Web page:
The Akashic Records are a spiritual library full of information about the world and everything in it – every person and event, past and present. Accessing the Records can help us to heal the past, get through present life challenges, release blocks and answer questions about our future.

Internationally renowned spiritual teacher Sandra Anne Taylor brings an introductory guide to this fascinating philosophy and teaches the reader:

– what the Akashic Records contain and how to access them
– how to travel the eternal timeline to investigate the past, present and potential future
– how past lives are influencing us today and what we can do to rewrite those records
– how we can use the Akashic Records to find our purpose, expand our talents and find greater success and joy in this life
– how to program future events within the records of this life and in lifetimes to come

What I Loved: I thought the idea of the Akashic Records was really interesting, and Taylor sounds like she’s done her research. She’s incorporated a lot of scientific and physics-based information into these chapters, showing that it’s a real possibility. The book includes information about the Akashic Records, how to access them, and even how to change them. Taylor also writes about real-life experiences that she and her clients have had with this process. There are multiple meditative exercises as well.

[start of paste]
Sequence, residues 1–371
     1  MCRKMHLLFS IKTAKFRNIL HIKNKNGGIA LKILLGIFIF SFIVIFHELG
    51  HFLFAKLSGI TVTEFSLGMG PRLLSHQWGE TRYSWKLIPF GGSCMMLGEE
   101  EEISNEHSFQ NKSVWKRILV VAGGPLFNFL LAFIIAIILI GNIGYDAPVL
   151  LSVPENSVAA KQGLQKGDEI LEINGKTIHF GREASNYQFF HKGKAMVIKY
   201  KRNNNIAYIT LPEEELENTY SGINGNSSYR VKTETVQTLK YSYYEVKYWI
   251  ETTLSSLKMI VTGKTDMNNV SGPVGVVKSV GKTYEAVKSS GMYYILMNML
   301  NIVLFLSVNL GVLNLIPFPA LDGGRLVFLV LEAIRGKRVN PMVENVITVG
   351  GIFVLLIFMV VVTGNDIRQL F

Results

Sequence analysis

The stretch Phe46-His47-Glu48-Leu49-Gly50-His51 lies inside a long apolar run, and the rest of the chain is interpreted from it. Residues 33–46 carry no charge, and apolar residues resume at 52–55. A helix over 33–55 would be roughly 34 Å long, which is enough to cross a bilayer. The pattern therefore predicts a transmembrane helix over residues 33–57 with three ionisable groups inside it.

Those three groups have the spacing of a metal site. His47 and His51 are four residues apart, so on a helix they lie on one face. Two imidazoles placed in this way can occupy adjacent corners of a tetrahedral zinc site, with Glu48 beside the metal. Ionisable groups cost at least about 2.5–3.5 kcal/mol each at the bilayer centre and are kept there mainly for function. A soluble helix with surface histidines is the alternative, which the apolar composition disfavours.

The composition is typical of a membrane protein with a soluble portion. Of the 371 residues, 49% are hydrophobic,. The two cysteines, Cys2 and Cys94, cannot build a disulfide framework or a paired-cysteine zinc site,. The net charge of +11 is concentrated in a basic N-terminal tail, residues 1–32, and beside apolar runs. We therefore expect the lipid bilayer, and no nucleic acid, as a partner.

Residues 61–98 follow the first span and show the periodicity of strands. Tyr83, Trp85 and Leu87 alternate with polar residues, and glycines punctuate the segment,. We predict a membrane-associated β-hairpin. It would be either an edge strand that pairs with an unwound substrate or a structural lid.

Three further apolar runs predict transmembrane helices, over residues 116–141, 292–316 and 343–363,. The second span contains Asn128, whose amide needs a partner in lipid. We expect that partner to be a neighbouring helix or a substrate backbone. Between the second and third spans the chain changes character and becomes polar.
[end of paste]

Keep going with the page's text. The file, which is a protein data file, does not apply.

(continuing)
What I Didn’t Love: I really wanted to absolutely adore this book. I’ve done a few past-life guided meditations, and I found them to be amazing. It seems that it’s just not as effective in this format. There are meditations included in the book, but if you’d have to memorize the steps to really get the experience of it. I do see that there is a matching course offered by Hay House, but I’m not currently ready to shell out the money for it. I feel like there was a lot of potential here, but it just fell flat in book form. (And trust me, I absolutely HATE to say that. I always want a book to be the best way to get information!)